The Bundestag wants to bring about a right to fast internet. City dwellers are unlikely to be affected by this – even what is “fast” still has to be clarified.
Berlin (dpa) – All German citizens should have the right to fast internet in the future. The Bundestag Economic Committee voted on Wednesday for a corresponding bill.
How exactly the lower limit for download, upload and latency – i.e. the response time – looks like is still unclear. This should be calculated later and apply from mid-2022. According to industry estimates, the minimum level is likely to be low, for example only barely in the double-digit megabit range for downloads.
The minimum values should primarily benefit people in rural areas. It shouldn’t play a major role in cities – in some places it could be relevant on the outskirts. The minimum values are expected to rise year after year. This is to prevent the digital divide between urban and rural areas from widening further.
At the moment, German citizens only have the right to “functional” Internet access – even a 56 kilobit snail’s pace is enough to meet such a requirement. As a result of the new requirement, the minimum level will rise significantly, and the telecommunications industry will be made more responsible. From the point of view of critics, however, the reform is by no means sufficient to decisively advance the digitization of rural regions.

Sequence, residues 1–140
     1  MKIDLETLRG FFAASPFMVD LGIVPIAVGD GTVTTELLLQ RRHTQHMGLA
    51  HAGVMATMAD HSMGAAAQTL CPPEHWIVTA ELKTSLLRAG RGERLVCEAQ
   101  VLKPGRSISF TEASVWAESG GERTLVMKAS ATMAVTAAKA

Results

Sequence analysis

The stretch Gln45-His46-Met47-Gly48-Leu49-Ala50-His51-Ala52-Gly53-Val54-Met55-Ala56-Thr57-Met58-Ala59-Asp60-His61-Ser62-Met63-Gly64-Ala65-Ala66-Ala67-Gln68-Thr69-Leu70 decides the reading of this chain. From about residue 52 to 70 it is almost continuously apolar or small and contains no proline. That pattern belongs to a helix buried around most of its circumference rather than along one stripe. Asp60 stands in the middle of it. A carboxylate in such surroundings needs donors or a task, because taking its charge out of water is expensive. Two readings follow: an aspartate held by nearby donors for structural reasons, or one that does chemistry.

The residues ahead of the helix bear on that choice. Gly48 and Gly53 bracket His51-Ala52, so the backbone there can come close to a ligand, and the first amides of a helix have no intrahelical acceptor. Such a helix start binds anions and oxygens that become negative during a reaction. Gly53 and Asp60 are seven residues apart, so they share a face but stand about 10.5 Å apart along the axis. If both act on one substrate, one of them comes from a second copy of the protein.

The project, which is part of an extensive amendment to the Telecommunications Act, is to come to the plenary session of the Bundestag on Thursday. Approval of the guidelines agreed upon by the grand coalition is considered certain. Then it would be the Federal Council’s turn.
Should the right to fast internet become law, citizens could go to the Federal Network Agency from June 2022 and complain about the snail-pace internet in their own apartment. The Bonn authority would check this and, if necessary, commission a provider with the laying of lines. The costs for this would be paid from a financial pot that has to be filled by telecommunications companies.
Providers such as Whatsapp, whose services are in competition with voice telephony, could also be used to contribute to the costs – the Federal Network Agency is yet to decide this. Providers such as Netflix, on the other hand, should remain outside the current state – corresponding requirements from the telecommunications industry could not be met for reasons of European law, according to the ranks of the coalition.
© dpa-infocom, dpa: 210421-99-290995 / 2